wigwagfan wrote:As there is now a qualified U.S. Streetcar builder, it'll be a tough sell to justify buying a streetcar vehicle from someone outside of the United States. Inkeon will have to license this design to United Streetcar, AND United Streetcar will have to retool their very limited factory to be able to build this car, in order for it to be available to the U.S. market. Given that United Streetcar has had a "factory" in place for several years and have exactly ONE streetcar vehicle to show for it, not to mention a very limited market (outside of the Pacific Northwest, only one city has actually approved a Streetcar project; all of the others are merely lookers, reminiscent of the Colorado Railcar DMU), I'd have to say that this car simply isn't going to be a U.S. model.
Yes but they only offer a fixed bogie design with part high floor, does this mean that all US operators receivng government funds has to go along with part high floor even if they would prefer 100% low floor, and that SEPTA, if ordeirng new trollies will need to go along with fixed bogies even if this means easing curves at great cost and inconveniance, not to mention grief surrounding building demolition?
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Re: Curves, Grades and LFLRVs

Post by wigwagfan » Tue Oct 05, 2010 9:59 pm

As an example, the Portland Streetcar Eastside Loop is funded partially with federal dollars; therefore federal requirements apply. Same for a proposed Lake Oswego line.

It doesn't matter about the technology. A U.S. built Streetcar is available. It must be purchased over a foreign made streetcar, unless the U.S. made streetcar is unusable. Even if the newer technology is "better", unless Inkeon licenses the design to a U.S. builder, it doesn't matter. A perfect example is the Colorado Railcar DMU - it is very much inferior to European DMU designs, but since it was the only U.S. built DMU that can operate in mixed passenger/freight traffic, it had to be purchased. The alternative is rejecting federal funding (which Portland has done up to this point).

In some ways, having United Streetcar build an "American" streetcar could be bad for the Streetcar industry since it effectively restricts the technology available in the United States. Remember, they've had four years to get an assembly line going, and they have just one car to show for it. That's not a good sign.
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Re: Curves, Grades and LFLRVs

Post by Myrtone » Wed Oct 06, 2010 3:05 am

wigwagfan wrote:As an example, the Portland Streetcar Eastside Loop is funded partially with federal dollars; therefore federal requirements apply. Same for a proposed Lake Oswego line.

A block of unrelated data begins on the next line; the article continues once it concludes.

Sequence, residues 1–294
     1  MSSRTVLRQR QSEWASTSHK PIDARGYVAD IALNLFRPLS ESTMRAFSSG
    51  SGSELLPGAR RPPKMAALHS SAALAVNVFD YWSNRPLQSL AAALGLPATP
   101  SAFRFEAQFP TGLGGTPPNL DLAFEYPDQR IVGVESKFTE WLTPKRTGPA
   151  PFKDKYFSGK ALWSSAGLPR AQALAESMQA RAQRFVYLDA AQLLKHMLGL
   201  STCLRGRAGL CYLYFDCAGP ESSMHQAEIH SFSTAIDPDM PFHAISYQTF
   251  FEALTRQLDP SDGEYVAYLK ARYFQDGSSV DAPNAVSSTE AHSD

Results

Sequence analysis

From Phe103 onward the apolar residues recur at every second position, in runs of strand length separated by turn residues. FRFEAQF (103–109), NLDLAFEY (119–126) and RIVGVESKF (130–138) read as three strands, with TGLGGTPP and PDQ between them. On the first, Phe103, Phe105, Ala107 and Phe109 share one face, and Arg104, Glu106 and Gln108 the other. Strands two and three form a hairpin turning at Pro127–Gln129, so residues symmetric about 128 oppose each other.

If a client has enough money of its own to purchase new trams without federal funding, they should do so.
wigwagfan wrote:It doesn't matter about the technology. A U.S. built Streetcar is available. It must be purchased over a foreign made streetcar, unless the U.S. made streetcar is unusable. Even if the newer technology is "better", unless Inkeon licenses the design to a U.S. builder, it doesn't matter. A perfect example is the Colorado Railcar DMU - it is very much inferior to European DMU designs, but since it was the only U.S. built DMU that can operate in mixed passenger/freight traffic, it had to be purchased. The alternative is rejecting federal funding (which Portland has done up to this point).
Would a tram only capable of negoitating 20+ curves be cosindered "usable" if the curves can be eased to that minimum, even if this means building demolition? How is the Colarado Railcar inferior?
wigwagfan wrote:In some ways, having United Streetcar build an "American" streetcar could be bad for the Streetcar industry since it effectively restricts the technology available in the United States. Remember, they've had four years to get an assembly line going, and they have just one car to show for it. That's not a good sign.
This could lead to a monoply market and thus backwardness.
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Re: Curves, Grades and LFLRVs

Post by Disney Guy » Wed Oct 06, 2010 3:01 pm

If the U.S. streetcar won't run on the existing tracks due to clearances, curve radii, etc. then the streetcar is considered "unusable" and the transit company can solicit bids from non-U.S. companies.

(United Streetcar will have to retool their very limited factory)

Just about every foreign streetcar builder has had to retool for each U.S. order. One notable exception is Siemens when producing the San Diego, Calgary, and Edmonton fleets in the 1980 time frame.
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Re: Curves, Grades and LFLRVs

Post by wigwagfan » Fri Oct 08, 2010 12:57 pm

Myrtone wrote:If a client has enough money of its own to purchase new trams without federal funding, they should do so.